nonfiction nuggets…stories with a little smackerel

Fairy Tale Feasts: A Literary Cookbook for Young Readers and Eaters, Tales retold by Jane Yolen, Recipes by Heidi E.Y. Stemple, Illustrations by Philippe Beha

When my oldest children were 5 and 3, we had a busy one-year-old on our hands who was sweet as sugar, darling as a rosebud… and busy as a bee, which made storytime a bit of a challenge.  So, we invented Stories and a Little Something.  This was drawn from the pages of Winnie-the-Pooh, who always liked “a little something” at eleven o’clock in the mornings!  Don’t we all.  Our “Little Something” didn’t come until afternoon, during baby’s naptime, and only once a week.  We would make tea and find some nice little scrumply bits  in the cupboards, and sit down to a proper, civilized Little Something and a chapter from Pooh Bear — without interruption!  A lot of spilt tea and general stickiness ensued, as will happen when 3-year-old boys take tea.  But, we turned a blind eye, and they were happy times.

Fairy Tale Feasts is a book that helps us come up with clever ideas to extend a story into a splendid cooking-and-eating-and-storytelling extravaganza!  Each entry has a short fairy tale or fable, retold by storytelling-wonder Jane Yolen and illustrated with boldly drawn, boldly colored, lighthearted pictures AND paired with a recipe for something scrumptious that ties in with the story!  Genius!  For instance, the story of Cinderella is accompanied by a recipe for spicy-sweet pumpkin tartlets.  Mmmmm.  The Runaway Pancake gets an eat-’em-up-quick pancake recipe with several yummy variation, including chocolate chips 🙂  There is even a recipe for Stone Soup!  What sheer delight to scrub that rock and plop it in the pot for starters!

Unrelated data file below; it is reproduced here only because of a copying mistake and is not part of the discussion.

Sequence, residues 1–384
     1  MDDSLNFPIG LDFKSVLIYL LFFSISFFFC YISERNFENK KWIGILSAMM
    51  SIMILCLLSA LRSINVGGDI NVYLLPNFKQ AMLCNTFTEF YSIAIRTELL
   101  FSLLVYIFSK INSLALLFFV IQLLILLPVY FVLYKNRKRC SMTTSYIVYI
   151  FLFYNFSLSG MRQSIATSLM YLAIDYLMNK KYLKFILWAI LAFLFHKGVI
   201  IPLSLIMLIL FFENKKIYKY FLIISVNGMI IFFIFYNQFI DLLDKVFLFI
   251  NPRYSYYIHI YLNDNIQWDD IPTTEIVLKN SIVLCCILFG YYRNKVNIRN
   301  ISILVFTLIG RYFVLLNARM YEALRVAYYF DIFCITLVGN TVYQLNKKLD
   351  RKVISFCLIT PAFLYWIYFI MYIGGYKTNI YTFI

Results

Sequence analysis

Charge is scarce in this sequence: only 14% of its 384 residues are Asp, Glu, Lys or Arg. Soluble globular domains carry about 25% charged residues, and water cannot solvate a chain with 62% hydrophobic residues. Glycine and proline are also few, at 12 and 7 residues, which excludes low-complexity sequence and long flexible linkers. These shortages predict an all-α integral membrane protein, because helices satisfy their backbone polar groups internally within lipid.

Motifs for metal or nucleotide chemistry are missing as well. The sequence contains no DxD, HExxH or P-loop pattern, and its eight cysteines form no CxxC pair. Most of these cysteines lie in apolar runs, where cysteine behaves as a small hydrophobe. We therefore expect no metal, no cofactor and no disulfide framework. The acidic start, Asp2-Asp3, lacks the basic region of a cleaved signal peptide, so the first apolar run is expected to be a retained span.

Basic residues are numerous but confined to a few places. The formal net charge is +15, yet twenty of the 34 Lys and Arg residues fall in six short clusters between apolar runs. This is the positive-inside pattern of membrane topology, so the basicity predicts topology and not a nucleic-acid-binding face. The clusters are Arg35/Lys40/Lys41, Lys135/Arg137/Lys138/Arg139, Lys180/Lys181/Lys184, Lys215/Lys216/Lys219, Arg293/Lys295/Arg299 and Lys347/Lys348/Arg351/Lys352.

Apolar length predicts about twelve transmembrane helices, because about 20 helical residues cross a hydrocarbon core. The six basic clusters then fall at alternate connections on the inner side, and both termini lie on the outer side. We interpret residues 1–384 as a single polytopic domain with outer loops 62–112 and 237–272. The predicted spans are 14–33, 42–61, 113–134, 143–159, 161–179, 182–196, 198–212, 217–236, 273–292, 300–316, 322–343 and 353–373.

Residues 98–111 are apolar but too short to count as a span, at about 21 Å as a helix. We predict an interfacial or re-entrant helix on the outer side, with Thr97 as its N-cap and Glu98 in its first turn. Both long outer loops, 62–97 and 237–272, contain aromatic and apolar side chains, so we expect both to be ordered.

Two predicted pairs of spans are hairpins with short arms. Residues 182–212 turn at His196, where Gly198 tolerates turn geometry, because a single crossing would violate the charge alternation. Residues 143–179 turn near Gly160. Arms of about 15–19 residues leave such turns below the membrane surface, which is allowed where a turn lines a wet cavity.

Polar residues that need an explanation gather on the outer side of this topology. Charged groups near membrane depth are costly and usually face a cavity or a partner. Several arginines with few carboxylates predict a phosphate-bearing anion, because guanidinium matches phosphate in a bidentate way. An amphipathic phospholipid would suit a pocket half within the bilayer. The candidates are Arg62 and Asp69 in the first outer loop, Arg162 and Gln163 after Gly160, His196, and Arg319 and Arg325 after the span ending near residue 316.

There are 20 tales with accompanying recipes grouped in categories of breakfasts, lunches, soups, dinners and desserts.  Some of the fables I had not heard of before, and some are very familiar tales.  As if that weren’t enough, there are columns running along the margins that tell a bit of the history of the story itself — when it was written first or some of the variations around the world — and a few fascinating facts about the food itself.  For instance, the columns along Snow White’s Baked Apples list six interesting facts about apples, from the science of apple growing, to the nutrition content of apples, to the different sizes of apples. 

Sparkle up your children’s storytimes once in a while.  Have a storytime party with friends.  Come up with a fabulous feast for the play group, co-op, kindergarten, or lengthy babysitting stint.  Get your own creative juices flowing and come up with more story-and-snacks ideas on your own.  Whatever you do, stories and a little smackerel are sure to make great memories.